Britain faces a period of severe economic turbulence if Scotland votes for independence this week, economists warn , as the prospect of a yes vote threatens a new financial crisis.
A report from a respected financial advisory firm said investors were already pulling money out of the UK at the fastest pace since the "credit crisis" of 2008.
CrossBorder Capital said the net flow of capital out of Britain hit 16.8billion ($33.5billion) in August, the highest level since Lehman Brothers collapsed.
Managing director Michael Howell said outflows from the UK looked to be intensifying.
"Sterling outflows have been an issue since the end of June, but they really gathered pace in August," he said.
Meanwhile, a study by Deutsche Bank said a yes vote for Scottish independence would "go down in history as a political and economic mistake" on a par with Winston Churchill's decision in 1925 to return the pound to the gold standard or the failures by the Federal Reserve in America that triggered the Great Depression in the 1930s.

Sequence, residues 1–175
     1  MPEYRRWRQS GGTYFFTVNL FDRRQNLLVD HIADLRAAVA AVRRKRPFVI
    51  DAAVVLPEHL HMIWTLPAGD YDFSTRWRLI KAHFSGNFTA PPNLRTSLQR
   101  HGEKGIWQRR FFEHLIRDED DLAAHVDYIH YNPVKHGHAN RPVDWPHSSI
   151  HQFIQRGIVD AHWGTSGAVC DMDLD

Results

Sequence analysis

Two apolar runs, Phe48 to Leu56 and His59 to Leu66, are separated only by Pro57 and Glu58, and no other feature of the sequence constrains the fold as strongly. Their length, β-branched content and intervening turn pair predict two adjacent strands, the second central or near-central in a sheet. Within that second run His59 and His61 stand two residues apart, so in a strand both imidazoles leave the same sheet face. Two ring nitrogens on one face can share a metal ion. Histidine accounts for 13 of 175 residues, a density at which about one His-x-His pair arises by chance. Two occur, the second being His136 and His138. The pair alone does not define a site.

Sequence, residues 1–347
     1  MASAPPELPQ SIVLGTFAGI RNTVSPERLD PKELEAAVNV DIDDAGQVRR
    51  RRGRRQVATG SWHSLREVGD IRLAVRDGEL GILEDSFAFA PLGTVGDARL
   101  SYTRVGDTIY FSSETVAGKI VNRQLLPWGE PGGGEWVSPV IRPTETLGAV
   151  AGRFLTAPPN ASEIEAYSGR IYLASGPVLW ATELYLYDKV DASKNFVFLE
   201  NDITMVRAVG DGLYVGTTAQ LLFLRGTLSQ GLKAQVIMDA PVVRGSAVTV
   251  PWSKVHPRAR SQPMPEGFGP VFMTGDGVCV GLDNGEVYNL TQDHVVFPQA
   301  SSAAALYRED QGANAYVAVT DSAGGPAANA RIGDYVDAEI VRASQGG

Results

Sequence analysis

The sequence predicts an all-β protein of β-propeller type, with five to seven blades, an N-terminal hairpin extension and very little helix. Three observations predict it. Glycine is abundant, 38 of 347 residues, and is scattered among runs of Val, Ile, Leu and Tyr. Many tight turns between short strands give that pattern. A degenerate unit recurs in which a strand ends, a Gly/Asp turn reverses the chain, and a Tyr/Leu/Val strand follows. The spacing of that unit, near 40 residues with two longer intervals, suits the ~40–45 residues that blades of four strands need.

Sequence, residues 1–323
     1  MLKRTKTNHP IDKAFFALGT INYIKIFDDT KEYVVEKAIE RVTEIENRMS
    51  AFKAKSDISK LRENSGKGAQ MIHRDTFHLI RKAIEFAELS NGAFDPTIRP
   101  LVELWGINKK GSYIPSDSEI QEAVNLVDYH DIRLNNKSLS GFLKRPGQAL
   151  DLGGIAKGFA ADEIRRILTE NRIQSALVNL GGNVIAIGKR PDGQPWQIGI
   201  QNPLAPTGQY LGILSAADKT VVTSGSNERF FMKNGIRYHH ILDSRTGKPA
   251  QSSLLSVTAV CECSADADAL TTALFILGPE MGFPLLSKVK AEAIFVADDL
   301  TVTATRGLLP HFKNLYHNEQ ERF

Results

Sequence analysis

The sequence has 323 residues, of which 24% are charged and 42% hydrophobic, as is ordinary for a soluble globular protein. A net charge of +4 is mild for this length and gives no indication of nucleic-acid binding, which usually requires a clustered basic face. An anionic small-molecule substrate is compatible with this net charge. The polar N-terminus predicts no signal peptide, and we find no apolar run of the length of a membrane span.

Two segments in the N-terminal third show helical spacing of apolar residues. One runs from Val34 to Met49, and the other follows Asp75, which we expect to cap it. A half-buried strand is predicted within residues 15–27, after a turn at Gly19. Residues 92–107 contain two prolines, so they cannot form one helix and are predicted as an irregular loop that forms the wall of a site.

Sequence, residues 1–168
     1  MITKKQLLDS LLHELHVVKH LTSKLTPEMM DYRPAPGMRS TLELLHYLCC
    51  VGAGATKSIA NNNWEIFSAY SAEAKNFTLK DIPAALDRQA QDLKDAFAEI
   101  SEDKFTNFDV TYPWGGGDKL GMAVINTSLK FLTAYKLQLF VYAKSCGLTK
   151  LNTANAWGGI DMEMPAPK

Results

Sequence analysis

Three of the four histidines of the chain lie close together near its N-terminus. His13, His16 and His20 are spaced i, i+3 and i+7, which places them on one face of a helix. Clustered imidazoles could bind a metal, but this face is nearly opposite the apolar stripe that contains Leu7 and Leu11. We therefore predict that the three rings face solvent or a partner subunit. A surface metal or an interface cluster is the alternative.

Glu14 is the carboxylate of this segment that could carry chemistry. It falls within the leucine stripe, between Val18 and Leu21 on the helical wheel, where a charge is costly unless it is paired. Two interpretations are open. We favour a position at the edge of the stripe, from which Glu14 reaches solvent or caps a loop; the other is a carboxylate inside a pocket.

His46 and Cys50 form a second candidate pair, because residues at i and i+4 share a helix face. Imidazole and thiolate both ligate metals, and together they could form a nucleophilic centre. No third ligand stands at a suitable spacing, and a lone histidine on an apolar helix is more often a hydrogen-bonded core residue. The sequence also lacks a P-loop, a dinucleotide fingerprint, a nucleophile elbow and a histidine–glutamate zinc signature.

It warned that Scotland risked a similar depression if voters backed the yes campaign on Friday, and described the desire for independence as an "incomprehensible" one that could have negative consequences "far beyond" what people had imagined.
Gordon Brown said the Deutsche Bank report showed that Scotland was "in danger of falling through an economic trapdoor".
With the battle over independence reaching fever pitch on the final weekend of campaigning, Chancellor George Osborne announced he was withdrawing from a crucial G20 summit next weekend because of the risk that a vote for independence in the referendum could plunge the UK economy back into turmoil.
Osborne said a yes vote would have "permanent consequences" for the British economy and announced that he would not attend next weekend's meeting of finance ministers and central bank governors in Cairns, Australia.
Mark Carney, the Governor of the Bank of England, also announced that he would return early from the meeting to be back in time for the referendum result.
As another opinion poll showed the result on a knife edge, with 51 per cent opposed and 49 per cent in favour, Osborne said they could not be abroad when the result was declared because of the pressing "economic risks" that could immediately follow.
A survey by Bloomberg yesterday predicted the pound could tumble up to 10 per cent in the event of a yes vote.